Apple has changed its policy regarding permissions required to build and run apps on devices. Until now, Apple required users to pay $99/year to become a member of Apple’s Developer Program in order to run code on physical iPhone and iPads. As part of the new Developer Program, this is no longer required. Apps can be tested on devices, no purchase necessary.
However, this technically means that developers will be able to release apps outside of the App Store as long as they are open-sourced. Interested users could then open the code in Xcode, compile and run it on their own devices — avoiding the App Store completely.
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This is somewhat similar to how Android allows users to sideload apps from unknown sources, although its a bit more complicated as sideloading requires a physical connection and a Mac running Xcode to build the apps. As it’s not really meant for this purpose (its main purpose is for developers to test their own software on real hardware), more technical knowledge is needed to actually sideload something than with the Android flow.
It’s not really an optimal solution for most developers but some apps could foreseeably be distributed this way. For instance, GBA4iOS is an open-source Game Boy Advance emulator for iPhone and iPad.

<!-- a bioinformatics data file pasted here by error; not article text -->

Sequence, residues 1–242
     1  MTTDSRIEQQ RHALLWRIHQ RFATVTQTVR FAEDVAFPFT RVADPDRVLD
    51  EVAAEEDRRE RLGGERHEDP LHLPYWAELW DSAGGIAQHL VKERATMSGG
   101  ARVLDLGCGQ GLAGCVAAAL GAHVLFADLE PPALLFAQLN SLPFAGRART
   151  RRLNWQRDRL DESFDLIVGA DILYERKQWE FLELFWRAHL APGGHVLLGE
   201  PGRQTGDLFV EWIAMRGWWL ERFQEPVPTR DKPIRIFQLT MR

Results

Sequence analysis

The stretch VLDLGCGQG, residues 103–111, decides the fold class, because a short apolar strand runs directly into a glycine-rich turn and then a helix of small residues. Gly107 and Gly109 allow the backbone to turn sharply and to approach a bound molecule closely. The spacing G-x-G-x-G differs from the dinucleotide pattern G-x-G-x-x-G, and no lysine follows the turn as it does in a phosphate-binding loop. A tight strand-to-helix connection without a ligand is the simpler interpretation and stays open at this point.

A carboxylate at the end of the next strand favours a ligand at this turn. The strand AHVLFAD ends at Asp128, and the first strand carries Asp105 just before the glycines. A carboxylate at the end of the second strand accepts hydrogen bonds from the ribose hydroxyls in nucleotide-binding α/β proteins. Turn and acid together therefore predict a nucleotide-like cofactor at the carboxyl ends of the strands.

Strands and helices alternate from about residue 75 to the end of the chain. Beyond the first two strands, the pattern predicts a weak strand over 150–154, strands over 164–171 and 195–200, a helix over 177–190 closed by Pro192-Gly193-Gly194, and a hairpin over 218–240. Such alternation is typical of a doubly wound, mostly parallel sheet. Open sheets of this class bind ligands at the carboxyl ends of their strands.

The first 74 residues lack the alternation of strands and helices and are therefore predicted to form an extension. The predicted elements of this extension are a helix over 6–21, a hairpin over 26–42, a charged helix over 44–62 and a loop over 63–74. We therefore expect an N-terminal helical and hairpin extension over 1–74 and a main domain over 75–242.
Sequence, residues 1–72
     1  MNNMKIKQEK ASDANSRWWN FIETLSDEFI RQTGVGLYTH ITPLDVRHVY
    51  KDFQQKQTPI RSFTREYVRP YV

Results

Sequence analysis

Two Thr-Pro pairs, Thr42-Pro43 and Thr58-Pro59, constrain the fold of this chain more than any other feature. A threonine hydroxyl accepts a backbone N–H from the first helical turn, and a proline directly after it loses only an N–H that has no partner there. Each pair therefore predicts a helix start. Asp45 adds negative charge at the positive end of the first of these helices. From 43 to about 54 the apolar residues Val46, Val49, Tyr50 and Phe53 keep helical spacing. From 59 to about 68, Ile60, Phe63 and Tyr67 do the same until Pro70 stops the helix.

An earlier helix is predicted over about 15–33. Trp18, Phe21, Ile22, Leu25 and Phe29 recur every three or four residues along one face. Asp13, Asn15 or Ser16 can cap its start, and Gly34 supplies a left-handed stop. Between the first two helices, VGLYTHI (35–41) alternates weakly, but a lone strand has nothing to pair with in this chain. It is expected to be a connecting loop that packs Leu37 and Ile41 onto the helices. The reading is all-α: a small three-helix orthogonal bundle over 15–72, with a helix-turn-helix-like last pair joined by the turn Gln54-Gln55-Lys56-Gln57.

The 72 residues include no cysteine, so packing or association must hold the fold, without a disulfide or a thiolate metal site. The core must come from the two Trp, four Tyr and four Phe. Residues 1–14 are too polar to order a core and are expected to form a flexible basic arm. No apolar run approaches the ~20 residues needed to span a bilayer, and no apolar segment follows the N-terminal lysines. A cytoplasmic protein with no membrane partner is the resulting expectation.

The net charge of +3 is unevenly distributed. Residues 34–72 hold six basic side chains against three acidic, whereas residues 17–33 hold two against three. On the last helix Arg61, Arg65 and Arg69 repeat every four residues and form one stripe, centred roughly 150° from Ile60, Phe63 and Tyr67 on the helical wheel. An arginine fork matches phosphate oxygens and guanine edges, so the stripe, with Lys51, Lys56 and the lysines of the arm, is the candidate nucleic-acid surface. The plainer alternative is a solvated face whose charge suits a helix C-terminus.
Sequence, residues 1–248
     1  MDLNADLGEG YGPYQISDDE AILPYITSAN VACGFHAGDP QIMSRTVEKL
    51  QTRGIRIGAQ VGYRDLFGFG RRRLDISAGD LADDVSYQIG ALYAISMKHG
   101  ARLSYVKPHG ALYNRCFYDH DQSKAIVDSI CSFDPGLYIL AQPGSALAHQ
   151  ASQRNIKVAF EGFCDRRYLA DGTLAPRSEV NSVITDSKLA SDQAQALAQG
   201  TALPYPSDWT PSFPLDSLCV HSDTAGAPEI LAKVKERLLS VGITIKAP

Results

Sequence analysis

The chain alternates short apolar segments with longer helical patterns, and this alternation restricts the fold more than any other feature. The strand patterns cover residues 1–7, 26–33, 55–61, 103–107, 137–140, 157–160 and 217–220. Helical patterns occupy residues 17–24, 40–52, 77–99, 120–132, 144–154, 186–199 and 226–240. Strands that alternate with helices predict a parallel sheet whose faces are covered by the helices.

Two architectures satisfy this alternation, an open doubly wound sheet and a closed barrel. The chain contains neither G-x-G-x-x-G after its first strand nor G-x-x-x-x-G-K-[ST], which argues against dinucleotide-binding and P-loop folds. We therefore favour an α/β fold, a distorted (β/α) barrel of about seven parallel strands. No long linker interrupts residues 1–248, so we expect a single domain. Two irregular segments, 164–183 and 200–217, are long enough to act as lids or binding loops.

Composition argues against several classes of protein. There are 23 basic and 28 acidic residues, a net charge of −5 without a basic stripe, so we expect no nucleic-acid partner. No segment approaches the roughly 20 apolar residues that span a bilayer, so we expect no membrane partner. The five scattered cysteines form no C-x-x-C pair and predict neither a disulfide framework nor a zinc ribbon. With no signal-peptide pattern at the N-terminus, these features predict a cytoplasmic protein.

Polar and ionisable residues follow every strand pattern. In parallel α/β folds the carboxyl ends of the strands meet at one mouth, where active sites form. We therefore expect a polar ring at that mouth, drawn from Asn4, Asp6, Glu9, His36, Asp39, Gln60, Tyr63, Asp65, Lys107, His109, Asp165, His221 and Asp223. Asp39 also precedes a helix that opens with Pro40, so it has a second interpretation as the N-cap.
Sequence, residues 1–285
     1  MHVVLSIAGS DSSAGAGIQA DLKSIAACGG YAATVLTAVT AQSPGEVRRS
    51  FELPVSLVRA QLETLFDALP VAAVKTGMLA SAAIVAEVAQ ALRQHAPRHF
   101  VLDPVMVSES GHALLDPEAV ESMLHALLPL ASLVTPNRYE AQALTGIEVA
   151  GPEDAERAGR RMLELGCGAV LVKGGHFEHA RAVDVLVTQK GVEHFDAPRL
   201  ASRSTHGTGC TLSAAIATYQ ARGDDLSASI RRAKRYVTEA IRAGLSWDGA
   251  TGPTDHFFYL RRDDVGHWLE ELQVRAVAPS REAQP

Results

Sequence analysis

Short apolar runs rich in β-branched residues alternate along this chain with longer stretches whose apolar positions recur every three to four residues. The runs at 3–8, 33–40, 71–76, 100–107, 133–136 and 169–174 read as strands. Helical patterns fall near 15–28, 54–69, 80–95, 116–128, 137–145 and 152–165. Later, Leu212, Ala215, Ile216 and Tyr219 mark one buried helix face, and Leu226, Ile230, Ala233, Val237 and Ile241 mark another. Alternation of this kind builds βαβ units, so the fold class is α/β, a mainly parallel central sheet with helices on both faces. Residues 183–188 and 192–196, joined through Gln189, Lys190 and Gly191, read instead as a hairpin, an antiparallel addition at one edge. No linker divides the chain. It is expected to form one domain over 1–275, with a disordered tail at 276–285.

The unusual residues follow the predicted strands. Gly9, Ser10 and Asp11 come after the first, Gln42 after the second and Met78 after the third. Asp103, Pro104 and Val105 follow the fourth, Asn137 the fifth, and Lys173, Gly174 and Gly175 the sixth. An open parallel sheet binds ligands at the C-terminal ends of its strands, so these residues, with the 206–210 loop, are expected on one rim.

With the new policy change, customers can theoretically download the application code from the open-source tree and build it locally. Then, they can use Xcode to run it on their device. Emulators are a good example of something that Apple will not allow in the store but are commonly open-sourced and could be installed through this method. Bouke van der Bijl has written up some good instructions on how to achieve this, if you are interested.
With this change, you really only need to pay for the Developer Program if you want to actually submit to the App Store. To submit apps through iTunes Connect to Apple for review, a paid active membership is still required. Apple says it dropped the fee to allow even more budding developers to join in the iOS world as many people (such as younger candidates and people from less-privileged backgrounds) who were deterred by the $99 subscription fee.